Australia | Dec 01 2020
Can Treasury Wine overcome the loss of a large part of its Chinese market and re-direct supply to other regions?
-May not be the end of the tariff story
-Treasury Wine to ramp up marketing across other regions
-Oversupply likely to be largely directed to Australasia
By Eva Brocklehurst
It will take time for Treasury Wine Estates ((TWE)) to overcome the loss of its important and growing Chinese market for prestige wines. Can the company find redress in simply redirecting supply to other markets? To some extent, maybe, but unlikely is the chorus.
Provisional tariffs were implemented by the Chinese government on Australian wine imports to China from November 27. The rate, 169.3%, was materially ahead of most expectations.
Morgan Stanley assumes, at this point, that the legacy China business is largely untenable and sales from Treasury Wine into the country will essentially cease. The main priority will be the reallocation of luxury wines previously sold in China.
The broker assumes none of the company's commercial and masstige wines are reallocated and 70% of luxury wines sold into other markets will be at a -10% reduction in returns per case, calculating, all up, just 25-30% of volumes and 50% of current profits could be recovered from FY22.
Macquarie expects the tariff will effectively close the Chinese market to Australian wine imports for its duration, which is unknown at this stage. These provisional tariffs do not include any stated measure relating to the investigation of dumping and Morgans suspects another tariff may be forthcoming. Yet the company has indicated further tariffs are unlikely to change its plans.
To put this in perspective, Treasury Wine will still have some sales in China, likely at the higher end customer base that is not price conscious. Its Penfolds branded baijiu sales will not be affected as this is not standard red wine. Morgans suggests over time Treasury Wine may even look to bottle and package bulk wine in China. Bulk wine is not subject to the tariff.
Citi, downgrading to Sell from Buy, believes it will be difficult to maintain any presence in China and the turnaround in the Americas will become the driver of the share price. The broker expects marketing costs will have to rise and and also anticipates an earnings margin dilution of -10 percentage points in the markets where wines are re-allocated.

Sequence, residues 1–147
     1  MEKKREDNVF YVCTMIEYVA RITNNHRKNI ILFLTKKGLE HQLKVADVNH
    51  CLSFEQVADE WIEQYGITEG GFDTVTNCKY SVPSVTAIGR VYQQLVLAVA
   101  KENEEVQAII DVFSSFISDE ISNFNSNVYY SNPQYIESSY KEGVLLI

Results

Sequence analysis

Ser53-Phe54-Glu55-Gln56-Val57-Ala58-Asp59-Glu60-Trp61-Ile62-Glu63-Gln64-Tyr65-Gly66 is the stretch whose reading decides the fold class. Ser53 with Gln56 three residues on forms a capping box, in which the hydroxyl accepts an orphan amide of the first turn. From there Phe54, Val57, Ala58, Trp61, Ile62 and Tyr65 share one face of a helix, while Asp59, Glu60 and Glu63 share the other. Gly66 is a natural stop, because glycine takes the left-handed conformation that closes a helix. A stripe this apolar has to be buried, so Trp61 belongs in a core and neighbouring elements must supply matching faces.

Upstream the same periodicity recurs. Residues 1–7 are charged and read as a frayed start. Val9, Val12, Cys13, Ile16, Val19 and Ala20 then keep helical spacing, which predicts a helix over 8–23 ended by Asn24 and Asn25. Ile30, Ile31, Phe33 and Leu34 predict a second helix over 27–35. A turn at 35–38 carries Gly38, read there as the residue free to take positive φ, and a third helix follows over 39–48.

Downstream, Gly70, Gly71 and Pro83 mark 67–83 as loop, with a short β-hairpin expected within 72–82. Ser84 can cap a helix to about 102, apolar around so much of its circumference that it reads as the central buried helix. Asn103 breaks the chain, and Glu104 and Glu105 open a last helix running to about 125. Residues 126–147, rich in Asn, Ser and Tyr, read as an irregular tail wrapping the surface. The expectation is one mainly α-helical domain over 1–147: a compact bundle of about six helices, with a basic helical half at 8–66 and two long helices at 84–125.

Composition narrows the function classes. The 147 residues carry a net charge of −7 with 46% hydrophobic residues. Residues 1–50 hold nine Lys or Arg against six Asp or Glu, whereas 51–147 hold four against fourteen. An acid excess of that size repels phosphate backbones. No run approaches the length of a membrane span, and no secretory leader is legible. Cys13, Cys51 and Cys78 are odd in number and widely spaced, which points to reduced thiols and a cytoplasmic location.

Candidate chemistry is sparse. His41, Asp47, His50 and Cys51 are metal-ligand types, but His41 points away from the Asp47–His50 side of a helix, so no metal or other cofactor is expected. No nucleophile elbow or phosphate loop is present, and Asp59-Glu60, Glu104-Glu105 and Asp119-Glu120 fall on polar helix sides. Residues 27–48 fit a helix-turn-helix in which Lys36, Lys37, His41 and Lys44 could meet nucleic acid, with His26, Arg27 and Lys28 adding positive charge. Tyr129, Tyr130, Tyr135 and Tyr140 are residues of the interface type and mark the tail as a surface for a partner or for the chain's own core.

On the positive side, Credit Suisse believes the news is unlikely to get worse now that China has announced the provisional measures, upgrading Treasury Wine to Outperform, assuming heavy tariffs remain in some form through to FY23. The broker anticipates the Asian business will return to pre-pandemic, pre-tariff levels in FY24.
UBS considers the risk/reward now balanced, assuming around 10% of earnings from China can be recovered. Value is there as, ex China, valuation is assessed at 14x earnings. Nevertheless, with heightened uncertainty and few upside catalysts the broker downgrades to Neutral from Buy.
To put perspective on the scale of the reallocation, around $1bn of Australian industry wine exports need to be reallocated, along with existing export markets worth $1.3bn and the $5bn domestic wholesale wine market.
A mitigation strategy is expected to take 2-3 years and profitability in FY21 as well as cash flow may be affected by the need to reinvest. That said, Treasury Wine has signalled it has plenty of liquidity and will ramp up marketing across other markets that were previously under-supplied with the Penfolds brand.
In terms of China, Treasury Wine will also accelerate its multi country-of-origin wines, particularly from the existing asset base in France, the US and even China, as well as strip out costs. A globally standardised margin structure will be applied.
Morgans notes the first Penfolds release from France is not available until FY23 while a range of Penfolds red wine from Californian vineyards will be made available from March 2021.
The broker removes expected earnings from China from its forecasts but stresses it is extremely difficult to make forecasts given the multiple mitigating strategies now being put in place. The main unknown is how much additional investment will be required to promote Treasury Wine's brands in less well-known markets.
Moreover, the resulting oversupply of masstige/commercial wine in the Australian market will affect the Australasian business. The main upside risk the broker envisages is the removal, eventually, of the tariff. Given the strength of Penfolds in particular the possibility of corporate action also persists, Morgans adds.
Macquarie conservatively brings Chinese volumes to zero for the next 2.5 years and re-allocates some volume to other regions. Downside risk for the short term is on margins, although the broker assumes the company can scale its Asian cost base appropriately.